into the United States – a $13 trillion market – under AGOA.

Seven years after its enactment, AGOA continues to have a significant positive impact on U.S.-African trade. Two-way trade has more than doubled. Our non-oil imports from AGOA countries – everything from apparel to automobiles, footwear to flowers – more than doubled from 2001 to 2006. In addition, U.S. exports to Africa have more than doubled in the same time period.

This increased trade translates into thousands of new jobs in some of the
poorest countries in Africa, and hundreds of millions of dollars of new
investment in the region.

Among the challenges before us is to ensure that AGOA’s benefits are
shared more broadly. The United States understands that market access
alone is not sufficient. That is why we have devoted over a billion
dollars to trade capacity building activities in sub-Saharan African since

Working together we must continue to address supply-side constraints,
including transport, energy, and access to capital. Several MCC
compacts recently concluded in sub-Saharan Africa – including one with
Ghana – seek to address these issues through large-scale investments.
The Administration is committed to helping you find solutions to these
constraints and challenges – which is why we have 139 officials from 15
U.S. government agencies here as part of the U.S. delegation to the 6th
AGOA Forum. [List of Agencies]

Of course, if our efforts are to succeed, we must work closely with our
private sector stakeholders. Governments can help create a positive
environment for entrepreneurship, trade and growth, but only the private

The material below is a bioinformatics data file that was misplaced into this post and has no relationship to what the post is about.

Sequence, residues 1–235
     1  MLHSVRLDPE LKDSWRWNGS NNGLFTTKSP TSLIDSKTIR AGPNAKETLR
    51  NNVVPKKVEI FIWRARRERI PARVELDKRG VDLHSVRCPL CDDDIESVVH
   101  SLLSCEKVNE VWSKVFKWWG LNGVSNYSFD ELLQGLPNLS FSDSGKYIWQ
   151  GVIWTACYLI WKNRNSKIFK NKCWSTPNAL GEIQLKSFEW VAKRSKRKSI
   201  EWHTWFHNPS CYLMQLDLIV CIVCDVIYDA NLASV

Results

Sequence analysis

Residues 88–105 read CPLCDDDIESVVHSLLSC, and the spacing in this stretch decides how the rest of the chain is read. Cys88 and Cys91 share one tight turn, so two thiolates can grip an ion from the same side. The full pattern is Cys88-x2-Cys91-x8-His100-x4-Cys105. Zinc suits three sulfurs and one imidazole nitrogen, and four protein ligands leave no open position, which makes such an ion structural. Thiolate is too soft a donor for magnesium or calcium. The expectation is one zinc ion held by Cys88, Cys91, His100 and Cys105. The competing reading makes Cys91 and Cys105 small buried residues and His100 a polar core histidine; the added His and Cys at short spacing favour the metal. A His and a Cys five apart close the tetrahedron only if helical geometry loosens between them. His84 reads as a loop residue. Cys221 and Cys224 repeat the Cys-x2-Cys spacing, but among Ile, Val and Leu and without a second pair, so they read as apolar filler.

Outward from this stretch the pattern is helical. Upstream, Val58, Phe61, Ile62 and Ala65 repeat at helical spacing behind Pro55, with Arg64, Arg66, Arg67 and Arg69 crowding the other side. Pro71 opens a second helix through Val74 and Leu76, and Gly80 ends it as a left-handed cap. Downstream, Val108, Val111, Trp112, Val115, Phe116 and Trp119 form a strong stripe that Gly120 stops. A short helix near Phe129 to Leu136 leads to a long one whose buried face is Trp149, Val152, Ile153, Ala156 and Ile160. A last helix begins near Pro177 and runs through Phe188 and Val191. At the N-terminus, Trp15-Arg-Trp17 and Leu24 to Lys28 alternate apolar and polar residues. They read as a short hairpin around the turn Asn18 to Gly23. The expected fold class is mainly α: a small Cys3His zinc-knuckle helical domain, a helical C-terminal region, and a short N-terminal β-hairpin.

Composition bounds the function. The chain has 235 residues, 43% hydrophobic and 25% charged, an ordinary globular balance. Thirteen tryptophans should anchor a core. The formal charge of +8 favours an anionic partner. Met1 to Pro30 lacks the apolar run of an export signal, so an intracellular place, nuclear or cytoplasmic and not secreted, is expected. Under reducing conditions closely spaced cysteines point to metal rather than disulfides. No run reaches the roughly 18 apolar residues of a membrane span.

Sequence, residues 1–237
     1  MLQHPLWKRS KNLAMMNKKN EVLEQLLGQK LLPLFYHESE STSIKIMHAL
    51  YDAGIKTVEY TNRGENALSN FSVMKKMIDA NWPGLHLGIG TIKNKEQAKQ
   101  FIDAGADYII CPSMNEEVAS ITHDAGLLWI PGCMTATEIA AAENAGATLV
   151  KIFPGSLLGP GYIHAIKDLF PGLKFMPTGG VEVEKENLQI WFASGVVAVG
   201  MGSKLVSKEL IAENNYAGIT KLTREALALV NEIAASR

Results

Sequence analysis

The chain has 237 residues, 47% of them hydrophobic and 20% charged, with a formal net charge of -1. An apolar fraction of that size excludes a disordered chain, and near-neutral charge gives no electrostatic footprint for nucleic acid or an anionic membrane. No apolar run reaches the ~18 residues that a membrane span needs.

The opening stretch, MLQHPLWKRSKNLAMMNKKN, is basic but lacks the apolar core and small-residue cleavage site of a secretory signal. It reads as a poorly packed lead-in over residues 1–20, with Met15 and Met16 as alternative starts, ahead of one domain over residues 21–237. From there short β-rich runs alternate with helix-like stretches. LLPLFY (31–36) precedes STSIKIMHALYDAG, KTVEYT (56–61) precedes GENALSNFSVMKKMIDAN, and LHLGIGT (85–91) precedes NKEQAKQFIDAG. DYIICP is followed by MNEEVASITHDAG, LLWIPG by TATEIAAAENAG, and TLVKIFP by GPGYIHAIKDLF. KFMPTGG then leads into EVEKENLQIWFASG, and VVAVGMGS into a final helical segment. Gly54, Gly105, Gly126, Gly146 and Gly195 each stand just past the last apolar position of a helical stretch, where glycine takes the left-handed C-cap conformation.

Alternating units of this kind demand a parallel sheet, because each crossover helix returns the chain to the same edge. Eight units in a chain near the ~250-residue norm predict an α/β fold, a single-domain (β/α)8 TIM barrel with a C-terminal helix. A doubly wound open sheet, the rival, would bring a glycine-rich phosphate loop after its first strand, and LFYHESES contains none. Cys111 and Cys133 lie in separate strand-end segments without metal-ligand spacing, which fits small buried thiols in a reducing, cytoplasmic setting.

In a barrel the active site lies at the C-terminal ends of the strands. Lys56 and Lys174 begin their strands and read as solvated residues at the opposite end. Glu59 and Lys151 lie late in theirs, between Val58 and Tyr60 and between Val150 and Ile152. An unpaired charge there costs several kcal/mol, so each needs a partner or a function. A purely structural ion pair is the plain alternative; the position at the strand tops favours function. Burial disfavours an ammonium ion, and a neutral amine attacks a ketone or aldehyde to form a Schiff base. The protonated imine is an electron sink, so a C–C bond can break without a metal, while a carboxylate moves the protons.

sector can ultimately deliver on its promise. Without businesses on both
sides that understand AGOA and how to tap its benefits, we cannot
expect U.S.-Africa trade and investment under AGOA to grow and

We also need the continued involvement of civil society in advancing the
core values of AGOA, ensuring that the benefits of increased U.S.-Africa
trade is enjoyed by all citizens, that labor and worker rights are respected,
the environment protected, and that other health and educational needs
that are critical to strong and prosperous African economies are
effectively met.

President Kufuor (Koo-FOUR) and Minister Kyerematen (cheer-ah-
MAH-ten), on behalf of the entire U.S. delegation, I’d like to thank you
for hosting this year’s AGOA Forum. And thank you for allowing us to be a part of this historic year for Ghana – a true signpost of Africa’s great promise – and another step toward the realization of an African renaissance.

I now bring you a message from the President of the United States,
George W. Bush – a great advocate for Africa.







61 parcels of cocaine arrest at Tema Habour


Accra, May 20, Ghanadot - A combined team of personnel from the Tema Regional Police Command, National Security, Customs, Excise & Preventive Service (CEPS), Narcotics Control Board (NACOB) and security department of the Ghana Ports & Harbours Authority .... More


African countries call for 25 years moratorium to strengthen local industries before signing the EPAs

Accra, May 20, Ghanadot - A Regional Economic Partnership Agreement (EPA) encompassing West African and EU is expected to be signed later this year,


Abudu Family demands removal of Northern Regional Minister

Tamale, May 20, Ghanadot/GNA - The Abudu Royal Family of Dagbon has called on President John Evans Atta Mills to remove Mr. Stephen Sumani Nayina from office as Northern Regional Minister.



Rawlings says Ghana inspires many countries

Accra, May 20, Ghanadot/GNA – Former President Jerry John Rawlings has observed that directions taken by countries such as Ghana have served as a source of inspiration to many countries in Africa and beyond.

  ABC, Australia
The EastAfrican, Kenya
African News Dimensions
Chicago Sun Times
The Economist
Reuters World - World News
All Africa Newswire
Google News
The Guardian, UK
Africa Daily
IRIN Africa
The UN News
Daily Telegraph, UK
Daily Nation, East Africa
BBC Africa News, UK
Legal Brief Africa
The Washington Post
Mail & Guardian, S. Africa
The Washington Times
Voice of America
New York Times
Vanguard, Nigeria
Christian Science Monitor
Yahoo/Agence France Presse
Ghanaian Paper
Market Place
Official Sites
Pan-African Page
Social Scene
    Currency Converter
Educational Opportunities
Job Opening
FYI becomes
October 1, 2006

Remember to spell the D-O-T
before the dot com

Send This Page To A Friend:

The Profile Africa Media Group